Changing Gender Roles in LibyaChanging Gender Roles in Libya

Introduction and Method

This essay is written about the changing gender roles in Benghazi, Libya. This survey took place in an institute for teaching English and was prepared by the highest level in the institute. We asked students from levels Pre-Intermediate C to Advanced B six questions. Different members of the Advanced B class surveyed 105 students of different ages, including 78 males and 27 females.


The total number of questions asked was six, two questions on each of the following three subjects, work, home and social life.

Work was a very interesting topic, because fifteen years ago it was very difficult for a woman to work, as it was against the traditions and mentality of Benghazi. It was quite interesting to see how people had changed their minds. Even so, some concepts can’t be changed as one of the questions was about if husbands would agree with their wives working and earning more than they did. We saw that an interesting 71.5% agreed and said it was all right, and of course 28.5% disagreed and said that it was unacceptable, which was a bit of a surprise.

Home was one of the subjects which all the students asked felt that it was easy to answer. One of the questions about home was if men are doing more housework than before. It appears that 66% of the students agreed that men are doing more housework and 34% disagreed. It was notable that one student answered, “Yes, there are more men doing housework nowadays, UNFORTUNATLY!”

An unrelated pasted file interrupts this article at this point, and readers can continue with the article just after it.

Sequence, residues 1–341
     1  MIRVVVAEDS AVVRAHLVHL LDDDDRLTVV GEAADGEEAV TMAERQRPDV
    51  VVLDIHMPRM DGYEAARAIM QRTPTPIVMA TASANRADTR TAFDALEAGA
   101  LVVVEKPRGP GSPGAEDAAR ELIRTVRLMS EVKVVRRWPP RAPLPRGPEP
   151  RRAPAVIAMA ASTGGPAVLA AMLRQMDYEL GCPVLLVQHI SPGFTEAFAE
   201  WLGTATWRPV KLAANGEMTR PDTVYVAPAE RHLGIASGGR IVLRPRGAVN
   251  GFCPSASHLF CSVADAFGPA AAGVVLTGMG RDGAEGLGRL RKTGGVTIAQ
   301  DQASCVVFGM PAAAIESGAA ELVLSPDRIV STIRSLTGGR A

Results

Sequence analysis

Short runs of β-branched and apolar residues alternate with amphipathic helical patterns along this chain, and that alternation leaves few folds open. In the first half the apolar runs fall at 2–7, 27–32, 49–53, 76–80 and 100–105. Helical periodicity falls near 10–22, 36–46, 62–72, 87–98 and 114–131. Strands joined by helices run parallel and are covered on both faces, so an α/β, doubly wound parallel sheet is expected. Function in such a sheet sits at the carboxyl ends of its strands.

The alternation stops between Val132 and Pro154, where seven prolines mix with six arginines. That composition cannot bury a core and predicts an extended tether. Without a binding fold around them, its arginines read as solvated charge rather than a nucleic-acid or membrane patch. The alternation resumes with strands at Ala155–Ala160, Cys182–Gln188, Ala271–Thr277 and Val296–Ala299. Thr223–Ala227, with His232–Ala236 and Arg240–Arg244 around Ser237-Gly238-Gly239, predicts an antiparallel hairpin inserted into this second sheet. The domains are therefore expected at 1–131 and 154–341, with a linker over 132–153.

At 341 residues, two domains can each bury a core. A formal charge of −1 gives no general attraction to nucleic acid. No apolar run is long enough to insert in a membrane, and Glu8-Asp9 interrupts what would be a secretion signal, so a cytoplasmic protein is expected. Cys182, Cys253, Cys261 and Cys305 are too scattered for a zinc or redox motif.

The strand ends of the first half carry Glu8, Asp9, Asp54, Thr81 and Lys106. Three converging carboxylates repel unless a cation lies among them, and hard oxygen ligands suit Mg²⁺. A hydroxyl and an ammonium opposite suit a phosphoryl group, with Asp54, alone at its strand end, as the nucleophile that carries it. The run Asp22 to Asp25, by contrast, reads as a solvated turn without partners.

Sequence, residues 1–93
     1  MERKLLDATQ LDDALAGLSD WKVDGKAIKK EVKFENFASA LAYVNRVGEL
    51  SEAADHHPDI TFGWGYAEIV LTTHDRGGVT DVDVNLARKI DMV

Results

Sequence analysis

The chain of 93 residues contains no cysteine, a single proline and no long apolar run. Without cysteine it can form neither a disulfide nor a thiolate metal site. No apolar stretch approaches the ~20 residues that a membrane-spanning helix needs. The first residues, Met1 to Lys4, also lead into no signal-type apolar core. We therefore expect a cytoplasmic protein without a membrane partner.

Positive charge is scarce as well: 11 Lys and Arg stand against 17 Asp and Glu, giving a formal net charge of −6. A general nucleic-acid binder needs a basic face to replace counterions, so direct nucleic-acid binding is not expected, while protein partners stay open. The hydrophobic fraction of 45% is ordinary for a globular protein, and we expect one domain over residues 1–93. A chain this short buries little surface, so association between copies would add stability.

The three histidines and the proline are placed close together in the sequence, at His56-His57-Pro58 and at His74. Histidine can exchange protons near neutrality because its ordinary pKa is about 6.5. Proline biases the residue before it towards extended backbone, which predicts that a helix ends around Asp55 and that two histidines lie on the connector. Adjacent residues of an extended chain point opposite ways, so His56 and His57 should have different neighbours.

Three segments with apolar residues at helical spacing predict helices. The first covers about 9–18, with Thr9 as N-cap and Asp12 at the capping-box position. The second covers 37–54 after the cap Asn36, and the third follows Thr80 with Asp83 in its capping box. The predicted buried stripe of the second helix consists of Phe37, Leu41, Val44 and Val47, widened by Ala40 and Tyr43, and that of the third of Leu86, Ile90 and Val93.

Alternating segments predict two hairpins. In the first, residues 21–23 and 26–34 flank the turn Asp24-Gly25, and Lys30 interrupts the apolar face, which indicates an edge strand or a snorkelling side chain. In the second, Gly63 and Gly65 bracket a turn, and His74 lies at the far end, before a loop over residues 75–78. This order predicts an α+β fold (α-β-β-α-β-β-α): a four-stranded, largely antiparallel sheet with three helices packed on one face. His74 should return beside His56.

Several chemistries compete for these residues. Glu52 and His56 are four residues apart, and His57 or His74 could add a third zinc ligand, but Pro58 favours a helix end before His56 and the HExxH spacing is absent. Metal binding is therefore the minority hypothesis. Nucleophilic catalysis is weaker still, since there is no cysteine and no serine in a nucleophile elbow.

Social life was the most interesting subject. One of the questions was about the best way to get married, the answers were quite surprising as 40% said that family match-making was the best and 46% agreed that dating was the best way. Although the community in Benghazi does not make it easy to date in public, but the majority of the students agreed on dating as the best way while last, but not least a small significant minority of 14% of students felt that internet chatting was the best way to get married.


Conducting the survey was a very nice experience and some of the results were surprising while others were expected. Generally, the gender roles in Libya, Benghazi specifically, have changed a lot during the past 15 years. All the subjects in the survey have witnessed a change, but mostly social life has seen major changes. 15 years ago nobody could have ever thought of dating to get married, while now the majority choose dating over family match-making. The country seems to be becoming more modern day by day, which is good on one hand and bad on the other.

Mohammed Akram

Advanced B